World Library  
Flag as Inappropriate
Email this Article

Busby

Article Id: WHEBN0001287241
Reproduction Date:

Title: Busby  
Author: World Heritage Encyclopedia
Language: English
Subject: Hussar, List of headgear, List of hat styles, Uniforms of La Grande Armée, Hat
Collection: Hats, History of Clothing (Western Fashion), Military Uniforms
Publisher: World Heritage Encyclopedia
Publication
Date:
 

Busby

8th Hussars of France circa 1804
A minuscule photo of a King's Troop sentry outside Horse Guards wearing a busby

Busby is the English name for the Hungarian prémes csákó ("fur shako") or kucsma, a military head-dress made of fur, originally worn by Hungarian hussars. In its original Hungarian form the busby was a cylindrical fur cap, having a bag of coloured cloth hanging from the top. The end of this bag was attached to the right shoulder as a defense against sabre cuts. In Great Britain busbies are of two kinds: (a) the hussar busby, cylindrical in shape, with a bag; this is worn by hussars and the Royal Horse Artillery; (b) the rifle busby, a folding cap of astrakhan (curly lambswool) formerly worn by rifle regiments, in shape somewhat resembling a Glengarry but taller. Both have straight plumes in the front of the headdress.[1]

The popularity of this military headdress in its hussar form reached a height in the years immediately before World War I (1914–18). It was widely worn in the British (hussars, yeomanry, and horse artillery), German (hussars), Russian (hussars), Dutch (cavalry and artillery), Belgian (Guides and field artillery), Bulgarian (Life Guards), Romanian (cavalry), Austro-Hungarian (Hungarian generals) Serbian (Royal Guards), Spanish (hussars) and Italian (light cavalry) armies.

Wearing the rifle busby—King's Royal Rifle Corps in 1880s by Harry Payne (1858–1927)

Possibly the name's original sense of a "busby wig" came from association with Dr Richard Busby,[1] headmaster of Westminster School in the late seventeenth century; the later phrase buzz wig may have been derived from busby. An alternative explanation is that the British hussar cap of the early 19th century was named after the hatter who supplied the officer's version—W. Busby of the Strand London.[2] The modern British busby is worn with full dress by bands, the Royal Horse Artillery and ceremonial detachments at regimental expense. In its hussar version it is now made of black nylon fur, although Bandmasters still retain the original animal fur.[2]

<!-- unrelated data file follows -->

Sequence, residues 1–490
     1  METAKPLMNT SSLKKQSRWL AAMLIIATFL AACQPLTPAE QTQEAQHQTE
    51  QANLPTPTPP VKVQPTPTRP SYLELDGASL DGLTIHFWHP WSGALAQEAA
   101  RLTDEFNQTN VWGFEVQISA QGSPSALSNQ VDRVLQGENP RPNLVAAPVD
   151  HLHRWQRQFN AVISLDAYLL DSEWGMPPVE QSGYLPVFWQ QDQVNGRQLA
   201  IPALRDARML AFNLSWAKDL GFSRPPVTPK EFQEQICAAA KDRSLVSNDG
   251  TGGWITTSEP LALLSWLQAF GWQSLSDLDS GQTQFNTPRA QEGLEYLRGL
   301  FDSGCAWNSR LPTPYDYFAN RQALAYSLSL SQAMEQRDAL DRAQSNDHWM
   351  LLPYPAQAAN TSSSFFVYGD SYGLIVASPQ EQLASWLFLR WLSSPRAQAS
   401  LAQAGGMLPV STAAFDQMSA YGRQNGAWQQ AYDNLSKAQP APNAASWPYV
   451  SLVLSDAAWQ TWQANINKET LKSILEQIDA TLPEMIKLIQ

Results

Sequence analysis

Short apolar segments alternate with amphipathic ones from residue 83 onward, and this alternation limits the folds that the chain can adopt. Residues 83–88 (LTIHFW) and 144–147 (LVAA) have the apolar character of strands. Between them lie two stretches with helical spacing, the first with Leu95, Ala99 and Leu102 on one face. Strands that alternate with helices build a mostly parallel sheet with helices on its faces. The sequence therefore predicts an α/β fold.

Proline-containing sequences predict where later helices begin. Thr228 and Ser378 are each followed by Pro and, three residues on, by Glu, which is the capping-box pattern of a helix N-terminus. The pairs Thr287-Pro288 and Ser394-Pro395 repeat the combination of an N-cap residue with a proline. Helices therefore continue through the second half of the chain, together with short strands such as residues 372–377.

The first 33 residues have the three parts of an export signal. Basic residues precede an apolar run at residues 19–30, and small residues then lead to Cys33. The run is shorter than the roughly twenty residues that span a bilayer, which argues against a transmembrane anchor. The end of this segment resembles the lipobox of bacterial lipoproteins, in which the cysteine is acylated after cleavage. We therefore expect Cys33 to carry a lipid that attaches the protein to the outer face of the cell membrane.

The busby should not be mistaken for the much taller bearskin cap, worn most notably by the five regiments of Foot Guards of the Household Division (Grenadier, Coldstream, Scots, Irish and Welsh Guards). Around 1900 the word "busby" was used colloquially to denote the tall bear and racoonskin "caps" worn by foot guards and fusiliers and the feather bonnets of Highland infantry.[1] This usage is now obsolete.

See also

References

  1. ^ a b c  
  2. ^ a b Wendy Skilton, page 42 British Military Band Uniforms: Cavalry Regiments, ISBN 1 85780 006 0
This article was sourced from Creative Commons Attribution-ShareAlike License; additional terms may apply. World Heritage Encyclopedia content is assembled from numerous content providers, Open Access Publishing, and in compliance with The Fair Access to Science and Technology Research Act (FASTR), Wikimedia Foundation, Inc., Public Library of Science, The Encyclopedia of Life, Open Book Publishers (OBP), PubMed, U.S. National Library of Medicine, National Center for Biotechnology Information, U.S. National Library of Medicine, National Institutes of Health (NIH), U.S. Department of Health & Human Services, and USA.gov, which sources content from all federal, state, local, tribal, and territorial government publication portals (.gov, .mil, .edu). Funding for USA.gov and content contributors is made possible from the U.S. Congress, E-Government Act of 2002.
 
Crowd sourced content that is contributed to World Heritage Encyclopedia is peer reviewed and edited by our editorial staff to ensure quality scholarly research articles.
 
By using this site, you agree to the Terms of Use and Privacy Policy. World Heritage Encyclopedia™ is a registered trademark of the World Public Library Association, a non-profit organization.
 


Copyright © World Library Foundation. All rights reserved. eBooks from Project Gutenberg are sponsored by the World Library Foundation,
a 501c(4) Member's Support Non-Profit Organization, and is NOT affiliated with any governmental agency or department.